Joints • A joint is the site of meeting of two or more bones. • Joints are classified into three types (depending on the material that hold the articular bones together):
Fibrous joints • Sutures: only seen in between the skull bones and they frequently ossify with age). • Syndesmosis: • Inferior tibiofibular joint (no movement in this joints and never ossify). • Interosseous membrane connecting bones of forearm & leg. • Gomphosis:in the joints between the teeth and jaws. Each tooth is connected to the socket by periodontal membrane.
Cartilaginous joints • Primary cartilaginous: these are temporary joints, in which the bones are connected by hyaline cartilage that ossifies with age. No movement is possible. This type is seen in: • Epiphyseal plate connecting epiphysis and metaphysis. • 1st sternocostal joint between 1st costal cartilage and sternum.
Cartilaginous joints • Secondary cartilaginous: the bones are connected by disc of fibrocartilage, which rarely ossifies with age. A small amount of movement is possible. These joints are seen in the joints of midline of body: • Intervertebral discs • Symphysis pubis • Manubriosternal junction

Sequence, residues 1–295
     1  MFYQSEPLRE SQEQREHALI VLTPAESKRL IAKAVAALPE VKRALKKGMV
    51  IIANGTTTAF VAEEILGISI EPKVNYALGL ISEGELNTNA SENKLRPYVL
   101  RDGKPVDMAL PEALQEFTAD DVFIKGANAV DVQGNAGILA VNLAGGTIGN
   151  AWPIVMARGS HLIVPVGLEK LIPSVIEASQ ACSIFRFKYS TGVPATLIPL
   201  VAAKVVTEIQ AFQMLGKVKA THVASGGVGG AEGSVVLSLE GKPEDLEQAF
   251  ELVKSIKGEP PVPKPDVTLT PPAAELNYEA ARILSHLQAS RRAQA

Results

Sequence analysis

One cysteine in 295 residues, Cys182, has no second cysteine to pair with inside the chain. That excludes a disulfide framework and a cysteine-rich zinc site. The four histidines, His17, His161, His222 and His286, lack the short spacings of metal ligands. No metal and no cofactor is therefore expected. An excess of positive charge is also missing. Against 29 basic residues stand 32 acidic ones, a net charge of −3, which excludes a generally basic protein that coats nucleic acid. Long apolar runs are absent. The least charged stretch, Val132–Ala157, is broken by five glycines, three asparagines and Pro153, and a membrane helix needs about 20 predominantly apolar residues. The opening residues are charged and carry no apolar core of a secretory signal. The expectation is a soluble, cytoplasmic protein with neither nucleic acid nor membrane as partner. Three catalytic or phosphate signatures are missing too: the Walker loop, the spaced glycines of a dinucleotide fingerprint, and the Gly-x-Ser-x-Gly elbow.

Synovial joints • are held together by fibrous capsule & characterized by presence of joint cavity. Synovial joints are freely movable and represent most joints of the body. • The capsule is lined by synovial membrane that secretes lubricating fluid (synovial fluid) for the articular surfaces. • Articular ends are covered by hyaline cartilage. • The capsule is thickened in certain parts to form ligaments, which provide strength and flexibility to the joint.
Synovial Joints • Allow considerable movement • Most joints that unite bones of axial and peripheral skeleton • Articular cartilage and disks • Joint cavity and capsule • Synovial membrane and fluid • Bursae
Types of Movement • Angular • Flexion and Extension • Abduction and Adduction • Circular • Rotation • Circumduction Flexion and Extension
Special Movements • Unique to only one or two joints • Types • Elevation and Depression • Protraction and Retraction
Points to Remember • A joint or articulation is a meeting between two bones and does not necessarily imply movement • A joint can be classified according to its structure • Synovial joints are the most complex • Specific terms are used to describe the movements of joints that are freely movable. • Commonly grouped in opposing pairs that move a part of the body in relation to the anatomical position.